B2B Growth Strategies for a Down Economy

B2B media luminary shares some tips.

Via http://www.aicpalearning.org, Hank Berkowitz writes:

When it comes to B2B e-newsletters for financial professionals, no discussion would be complete without checking in with Rick Telberg, President of Bay Street Group Research in Dobbs Ferry, NY. Arguably the most widely-read journalist and analyst covering the accounting profession, Telberg is the co-author of a new research report: Beyond the Click: Maximizing Advertising ROI in B2B E-Newsletters.

Request a FREE copy of the executive summary of the report, here.

CPA Marketing Insider (CMI): Rick, it sounds like you're not a big fan of using clicks to measure the success or failure of online ad campaigns, especially in e-newsletters.

Rick Telberg: Correct. I'm just not seeing much of a correlation between advertisers who are continually renewing their campaigns in their favorite media properties and the clicks they're getting from those campaigns. Several media partners I've talked with note that some of their longest-standing clients fall into the middle and even lower tiers in terms of raw click-through rates they're seeing.

CMI: With marketing departments and ad agencies stretched so thin these days, can media partners really expect their advertisers to develop creative specifically for their own publications and Web properties?

Telberg: I'd flip that around. Can advertisers (and their agencies) really expect to get great results without getting to know the audience of each media property they buy into? Should they really be beating up their media partners for detailed metrics and other forms of so-called "audience accountability" when they don't do their homework on what makes that audience tick?

CMI: Shouldn't advertisers try to repurpose their Web site ads for e-newsletters to keep the messaging consistent?

Telberg: They can try, but it's kind of like running your highway billboard creative in a glossy magazine environment. It might work, but you're not taking advantage of the best uses of that medium.

CMI: When it comes to e-newsletters for financial professionals, is there any type of ad creative that tends to work particularly well?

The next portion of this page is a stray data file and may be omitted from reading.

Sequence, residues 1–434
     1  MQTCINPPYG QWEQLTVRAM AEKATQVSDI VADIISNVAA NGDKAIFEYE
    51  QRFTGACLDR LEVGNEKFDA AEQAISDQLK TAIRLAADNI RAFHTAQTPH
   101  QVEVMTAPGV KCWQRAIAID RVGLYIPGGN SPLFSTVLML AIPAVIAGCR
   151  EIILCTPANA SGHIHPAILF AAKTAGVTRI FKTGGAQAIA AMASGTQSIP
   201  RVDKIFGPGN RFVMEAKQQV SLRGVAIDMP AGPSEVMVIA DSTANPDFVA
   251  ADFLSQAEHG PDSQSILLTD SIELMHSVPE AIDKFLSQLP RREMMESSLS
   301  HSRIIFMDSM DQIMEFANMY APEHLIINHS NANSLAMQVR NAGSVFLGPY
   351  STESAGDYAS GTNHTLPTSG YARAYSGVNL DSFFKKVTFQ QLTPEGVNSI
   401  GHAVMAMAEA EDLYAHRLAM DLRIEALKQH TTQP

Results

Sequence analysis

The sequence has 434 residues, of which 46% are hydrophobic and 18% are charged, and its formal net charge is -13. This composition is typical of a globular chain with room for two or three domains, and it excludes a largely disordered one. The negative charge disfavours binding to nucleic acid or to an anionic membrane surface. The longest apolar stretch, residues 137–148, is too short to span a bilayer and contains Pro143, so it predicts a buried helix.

Telberg: After reviewing hundreds and hundreds of campaigns, we learned that sponsored content - white papers, case studies, position papers -significantly outperform banner ads and text links, both directly and indirectly. Readers of professional e-newsletters tend not to like the hard sell. They don't have time for gimmicks. They're looking for education, insight and news related to important industry trends and practices. Also, banner ads that featured headshots of professional looking business people - not models - usually score higher with this audience than other types of ads.

CMI: But you're also saying banner ads and text links aren't worth it in the e-newsletter environment?

Telberg: I didn't say that. We actually isolated campaigns that were sponsored edit only and compared them to campaigns that we call fully integrated (a sponsored edit accompanied by a banner and sponsored text link). Our research found that the fully integrated packages generated about 50 percent more response than stand-alone sponsored editorial campaigns. E-newsletter subscribers are readers by definition. But, without the brand-supporting banners and text links to reinforce the message in your ads, prospects are less likely to remember who provided them with the great information.

CMI: Any other takeaways for our readers?

Telberg: Number One. Direct clicks don't represent the complete response rate. Clicks account for only a portion of an ad campaign's impact on an audience. There can be a significant latent effect on readers who don't click on ads right away. We're finding about 55 percent of the response to ads in the professional e-newsletters we've studied comes either off-line, or it comes up to 30 days later when one or several additional messages from that advertiser has hit the prospect at the right time in their purchase decision cycle. The Web is especially effective in the prospects' "further learn" phase - somewhere between initial brand awareness and before they're ready to make the buy.

CMI: How do you know?

Telberg: We found that readers who were exposed to studied ads, but who didn't actually click on them could recall those ads weeks later at almost the same rate as readers who did click on those ads. Likewise, we found that readers who were exposed to studied ads, but who didn't actually click on them, saved them for future reference at almost the same rate as readers who did click on those ads. We also found that the exposed non-clickers were almost as likely as the clickers to visit the advertised company's Web site after seeing the ad and were even more likely to forward those ads to a colleague.

CMI: Any final thoughts for time-pressed, budget-strapped B2B marketers?

Telberg: Be understandable, be relevant and be believable. Don't be too slick.
As Hanley Wood's Frank Anton noted at the Folio Summit, the time to be brave is now. The economic uncertainty may passover sooner than you may expect. Savvy media professionals, who've got their online media ducks in a row right now, will be poisded to hit the ground running when the demand side kicks in. Those who are pre-occupied with avoiding failure may be playing big-time catch up sooner - and for a lot longer - than they think.